KSLA, virtual channel 12, is the CBS-affiliated television station for Shreveport, Louisiana and the Ark-La-Tex region. Owned by Raycom Media, it broadcasts its digital signal on UHF channel 17. The sole transmitter is located in Mooringsport, Louisiana. Alongside KYTX, it is carried on some cable providers in Lufkin and Nacogdoches and it is available on DirecTV in the Oklahoma portion of the Arklatex alongsideLittle Rock affiliate, KTHV, the Shreveport affiliates and other Little Rock affiliates.
|Branding||KSLA News 12|
|Slogan||Coverage You Can Count On|
|Channels||Digital: 17 (UHF)|
12.2 This TV 12.3 Stormtracker 12 WX
|Owner||Raycom Media, Inc.
(KSLA License Subsidiary, LLC)
|First air date||December 22, 1953|
|Call letters' meaning||Shreveport, LouisianA|
|Former channel number(s)||Analog:
12 (VHF, 1953-2009)
|Former affiliations||All secondary:|
|Transmitter power||175 kW|
KSLA is Shreveport's oldest station. It went on the air on October 1, 1954, airing programming from all four networks—CBS, ABC, NBC andDuMont. However, it has always been a primary CBS affiliate. It lost NBC a year later when KTBS entered the Shreveport market. The two stations shared limited ABC programming until 1960, when Texarkana's KTAL-TV took the NBC affiliation after Texarkana was collapsed into the Shreveport market. KTBS then became an exclusive ABC affiliate, leaving KSLA as a sole CBS affiliate. The station's studios were originally housed inside the Washington Youree Hotel in downtown Shreveport. William Carter Henderson, a son of KWKH Radio founderWilliam Kennon Henderson, Jr., was among the original owners of KSLA-TV.
On March 5, 1955, Elvis Presley made his television debut on KSLA on Louisiana Hayride from the Municipal Auditorium. That same year, D. L. Dykes, Jr., who launched a 30-year career as the pastor of the First Methodist Church at the Head of Texas Street in downtown Shreveport, began having his sermons televised on KSLA. Over the years, other churches followed Dykes's lead.
In 1966, Douglas F. Attaway, the publisher of the now defunct Shreveport Journal became the majority owner of the station. During the second half of the 1960s and the early 1970s, KSLA was hence called "The Journal Station." In the late 1970s, Attaway sold to Viacom, which later owned CBS. He had previously sold the Shreveport Journal to Shreveport businessman and philanthropist Charles T. Beaird. In the early 1970s, the station moved to its current Fairfield Avenue studios near Schumpert Medical Center.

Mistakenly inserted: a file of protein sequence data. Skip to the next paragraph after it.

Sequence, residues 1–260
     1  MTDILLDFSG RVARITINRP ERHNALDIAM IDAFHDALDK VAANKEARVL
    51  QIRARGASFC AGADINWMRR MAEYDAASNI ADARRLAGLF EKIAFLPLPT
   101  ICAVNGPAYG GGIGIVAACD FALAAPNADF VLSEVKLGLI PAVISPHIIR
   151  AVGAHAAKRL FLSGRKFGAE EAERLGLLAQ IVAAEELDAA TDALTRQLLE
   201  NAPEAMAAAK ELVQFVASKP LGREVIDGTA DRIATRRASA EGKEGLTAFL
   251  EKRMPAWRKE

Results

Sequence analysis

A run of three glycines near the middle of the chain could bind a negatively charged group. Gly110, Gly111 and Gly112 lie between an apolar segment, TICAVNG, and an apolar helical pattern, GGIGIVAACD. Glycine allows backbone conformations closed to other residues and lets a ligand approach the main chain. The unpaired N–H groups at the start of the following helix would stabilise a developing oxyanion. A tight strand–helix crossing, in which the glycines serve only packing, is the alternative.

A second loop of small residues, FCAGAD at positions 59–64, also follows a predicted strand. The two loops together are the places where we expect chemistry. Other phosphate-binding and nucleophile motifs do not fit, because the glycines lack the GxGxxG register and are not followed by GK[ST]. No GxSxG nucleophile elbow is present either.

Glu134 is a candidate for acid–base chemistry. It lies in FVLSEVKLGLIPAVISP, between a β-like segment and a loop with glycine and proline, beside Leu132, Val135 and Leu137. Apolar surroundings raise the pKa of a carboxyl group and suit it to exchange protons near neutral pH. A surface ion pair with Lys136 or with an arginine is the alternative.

KSLA was the first in the market to broadcast in color, to broadcast in stereo sound, and to employ the use of satellites. The station claims to have the highest rated newscast in the entire state of Louisiana. one of its early anchormen, Don Owen served as a member of theLouisiana Public Service Commission from 1985-2003. KSLA was once the home of the Shreveport Captains, the defunct Canadian Football League team, the Shreveport Pirates, and Southeastern Conference sports.
On October 8, 1977, the KSLA 1709' tower in Mooringsport, LA collapsed. No official cause was ever determined, but speculation centered upon a failure in the guy lines. Prior to 1978, Shreveport did not have a PBS member station. During some of this time, KSLA aired Sesame Street on weekday mornings. This arrangement ended when Louisiana Public Broadcasting began full time PBS programming on KLTS. For a brief time in 1995, channel 12 aired UPN programming late at night until KSHV (channel 45, now a MyNetworkTV affiliate) picked up the network later in the year.
On September 1, 1995, Ellis Communications bought KSLA from Viacom. It was the first television station not having a primary affiliation with UPN to be sold off by Viacom since UPN's launch. Ellis was folded into Raycom Media in 1997.
The station's digital signal is UHF 17, multiplexed:
|12.1||1080i||16:9||Main KSLA-TV programming / CBS HD|
|12.3||480i||4:3||KSLA Stormtracker 12 24/7 Weather|
On June 12, 2009, KSLA left channel 12 and moved to channel 17 when the analog to digital conversion completed.
Among its most popular local programming were Al's Coral, a western-themed children's show hosted by Al Bolton, who was station meterologist for many years; Bob & His Buddies, a children's show hosted by longtime sports reporter Bob Griffin; and Hallelujah Train, a Sunday morning program many consider a religious version of Soul Train.
KSLA was among the first 50 television stations in the country to air a local/national lifestyle magazine program concept called PM Magazine from 1979 to 1984. This program franchise license was owned and guided by Group Westinghouse (Group W) and was a cutting-edge program hosted by Chuck Smith and Becky Strickland became one of the consistently highest rated versions in the country, beating popular syndicated programs M*A*S*H, The Newlywed Game and People's Court as it averaged high audience shares, sometimes higher than 30% throughout its 4+ years on KSLA. Despite its local success, PM Magazine was canceled in early 1984. The last rating period for 1984 revealed the program had a 25 rating/39 share (Arbitron 2/'84). Many television analysts agree that the PM Magazine concept was the forerunner to other magazine programs such as Real People, That's Incredible!, andEntertainment Tonight; as well as several other reality-based television spin-off programs and cable network show themes.